Hughes used his extensive background to lead, voluntarily for 10 years - 1976 to 1986, the comprehensive and novel revitalization of an entire run down historic neighborhood of Colorado Springs, called 'Old Colorado City.' Using both his technologies and early grasp of the return of the significance of 'small' business to communities long before the idea was popular, and his 'community leadership' skills he is credited for giving business opportunities to hundreds of small business persons, making the run down residential 'westside' of Colorado Springs highly desirable to live in, achieving the goals of the City of Colorado Springs there, and unified the entire project by researching and appealing to its unique History as a frontier town. The project has been cited by the Small Business Administration as one of the most successful implementations of several of their programs, the Governor of the State used it to supportColorado's 'Main Street' project in scores of towns and cities in the later 1970s, and it greatly assisted the then Mayor of Colorado Springs, a 1951 West Point graduate, win for the city the All American City Award.  The current Mayor and City Council of Colorado Springs have recently honored Hughes for that, and his pioneering use of computer technology to improve a part of the city, by formally renaming and marking in Bronze a public right of way in Old Colorado City 'Dave Hughes Cyberpath.' 

He has remained involved and influential in City public affairs, and for 20 years has helped build up the Old Colorado City Historical Center, in which the vision of an ex-graduate, the Territorial Governor of Colorado in 1862 helped stop a Confederate effort to capture Colorado Gold during the Civil War. Hughes has educated the public on this little known, but decisive 'Little Gettysburg of the West' episode involving a West Pointer.  Hughes has also donated money and expertise so that the History Center has such an impressive, wirelessly connected, web site, that the national television History Channel has named it one of their preferred national sites. Always Hughes accomplishes traditional purposes with novel applications of future technologies, at the lowest possible cost.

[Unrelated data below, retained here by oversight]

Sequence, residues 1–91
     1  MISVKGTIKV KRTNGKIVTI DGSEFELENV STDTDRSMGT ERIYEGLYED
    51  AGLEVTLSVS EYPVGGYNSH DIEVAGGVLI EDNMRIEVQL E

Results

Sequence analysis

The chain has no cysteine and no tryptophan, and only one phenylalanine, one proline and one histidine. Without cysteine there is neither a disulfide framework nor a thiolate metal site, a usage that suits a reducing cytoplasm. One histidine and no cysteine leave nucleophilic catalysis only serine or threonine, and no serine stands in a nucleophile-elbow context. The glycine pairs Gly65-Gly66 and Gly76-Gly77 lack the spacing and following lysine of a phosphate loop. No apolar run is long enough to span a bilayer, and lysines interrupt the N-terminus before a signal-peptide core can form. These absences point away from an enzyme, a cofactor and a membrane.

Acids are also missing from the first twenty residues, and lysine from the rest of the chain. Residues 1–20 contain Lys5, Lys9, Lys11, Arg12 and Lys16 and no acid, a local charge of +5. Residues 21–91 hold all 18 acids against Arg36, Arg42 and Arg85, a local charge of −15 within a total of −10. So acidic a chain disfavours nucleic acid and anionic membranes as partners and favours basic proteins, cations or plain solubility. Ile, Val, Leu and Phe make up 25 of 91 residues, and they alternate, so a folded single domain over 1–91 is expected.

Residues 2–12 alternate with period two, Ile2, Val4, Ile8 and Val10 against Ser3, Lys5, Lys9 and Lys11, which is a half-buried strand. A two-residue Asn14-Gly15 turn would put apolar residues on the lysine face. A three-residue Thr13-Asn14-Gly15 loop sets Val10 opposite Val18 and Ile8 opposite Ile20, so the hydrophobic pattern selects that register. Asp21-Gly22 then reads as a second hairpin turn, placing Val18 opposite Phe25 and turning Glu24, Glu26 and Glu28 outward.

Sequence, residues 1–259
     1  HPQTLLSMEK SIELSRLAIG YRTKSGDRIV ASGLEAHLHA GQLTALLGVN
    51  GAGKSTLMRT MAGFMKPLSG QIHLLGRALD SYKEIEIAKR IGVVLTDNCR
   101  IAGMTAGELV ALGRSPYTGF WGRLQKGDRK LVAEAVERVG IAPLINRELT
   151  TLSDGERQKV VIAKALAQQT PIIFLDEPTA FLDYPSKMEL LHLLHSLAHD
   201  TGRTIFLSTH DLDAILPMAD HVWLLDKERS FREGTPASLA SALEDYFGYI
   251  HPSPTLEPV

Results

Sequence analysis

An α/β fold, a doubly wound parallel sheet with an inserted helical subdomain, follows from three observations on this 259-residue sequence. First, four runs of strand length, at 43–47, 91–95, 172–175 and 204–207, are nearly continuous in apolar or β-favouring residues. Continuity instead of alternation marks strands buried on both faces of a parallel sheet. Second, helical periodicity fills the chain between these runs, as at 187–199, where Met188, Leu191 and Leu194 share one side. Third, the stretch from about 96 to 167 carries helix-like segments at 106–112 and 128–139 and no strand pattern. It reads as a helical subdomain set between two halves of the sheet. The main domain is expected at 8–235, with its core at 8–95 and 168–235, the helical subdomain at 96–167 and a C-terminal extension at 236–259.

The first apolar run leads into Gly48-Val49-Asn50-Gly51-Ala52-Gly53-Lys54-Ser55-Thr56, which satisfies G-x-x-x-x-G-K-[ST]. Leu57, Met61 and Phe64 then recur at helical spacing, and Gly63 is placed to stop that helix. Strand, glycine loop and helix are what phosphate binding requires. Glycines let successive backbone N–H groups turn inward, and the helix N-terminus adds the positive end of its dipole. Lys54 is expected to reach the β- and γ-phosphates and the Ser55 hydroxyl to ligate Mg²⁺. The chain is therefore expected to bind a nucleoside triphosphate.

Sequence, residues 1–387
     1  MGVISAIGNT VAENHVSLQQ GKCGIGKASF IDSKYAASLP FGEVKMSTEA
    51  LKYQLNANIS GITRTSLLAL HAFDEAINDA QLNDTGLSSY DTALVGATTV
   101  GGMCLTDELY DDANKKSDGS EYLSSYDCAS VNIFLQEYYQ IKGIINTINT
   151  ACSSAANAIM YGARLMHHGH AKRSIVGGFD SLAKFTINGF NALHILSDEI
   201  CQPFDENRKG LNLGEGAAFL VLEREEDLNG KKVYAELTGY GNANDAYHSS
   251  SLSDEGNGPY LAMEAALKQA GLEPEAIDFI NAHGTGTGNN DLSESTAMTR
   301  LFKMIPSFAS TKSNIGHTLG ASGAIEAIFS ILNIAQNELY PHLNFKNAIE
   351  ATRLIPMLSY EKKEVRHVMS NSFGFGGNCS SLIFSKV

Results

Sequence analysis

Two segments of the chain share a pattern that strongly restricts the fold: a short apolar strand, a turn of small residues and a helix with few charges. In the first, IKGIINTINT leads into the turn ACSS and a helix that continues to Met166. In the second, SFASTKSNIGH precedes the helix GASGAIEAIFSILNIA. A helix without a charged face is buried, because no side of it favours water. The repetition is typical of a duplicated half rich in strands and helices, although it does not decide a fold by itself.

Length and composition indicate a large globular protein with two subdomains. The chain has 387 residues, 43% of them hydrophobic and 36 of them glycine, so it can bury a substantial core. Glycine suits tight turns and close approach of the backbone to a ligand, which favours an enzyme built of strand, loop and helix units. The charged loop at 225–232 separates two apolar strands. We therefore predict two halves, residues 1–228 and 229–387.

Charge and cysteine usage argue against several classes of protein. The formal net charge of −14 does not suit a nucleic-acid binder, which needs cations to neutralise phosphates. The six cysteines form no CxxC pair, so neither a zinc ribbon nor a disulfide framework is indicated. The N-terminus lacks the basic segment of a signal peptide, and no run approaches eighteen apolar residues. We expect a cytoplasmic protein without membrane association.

Electronic Distance Education Pioneer

During this period Hughes, extremely concerned that American education, particularly early education K-12 in remote and rural areas adapt to the new modes of teaching and learning, focused part of his effort on developing modes of distance education - again decades before it was being practiced by universities. Some scholars credit Hughes with teaching the first college courses in the world via public telecommunications networks.

His landmark 'Electronic English' course for Colorado Technical University in 1983, whose remote students included the Lt. Governor of Alaska, and persons as far away as Australia. His success at this led to it being emulated widely. And in 1990, he was approached by faculty and researchers of MIT who were concerned about the state of education in math and the sciences. In a series of nationally celebrated experiments, teamed up with theoretical physicist Dr. George Johnson of MIT, Hughes designed courses in the Math and Science of Chaos, which were delivered - in one case - to a virtual classroom of 40 high school students scattered from one-room school houses in Montana, through small schools in Cody, Wyoming, to include large schools in Colorado Springs such as Air Academy High. Once again he applied his military-honed ability to go from the most abstract and theoretical application of the new information tools, in the public interests of the US,  to the most practical and grass roots uses in the least sophisticated or well endowed places in America. This work culminated in his doing work for the Congressional Office of Technology Assessment on request of then Senator Al Gore's staff on how the Internet could be used to improve the quality and relevance of American Education.  And upon the White House staff's urging, Hughes has testified before the Federal Communcation Commission - FCC - on how even newer technologies can be used for more effective education.

Listed in 100 Most Influential of the Computer Age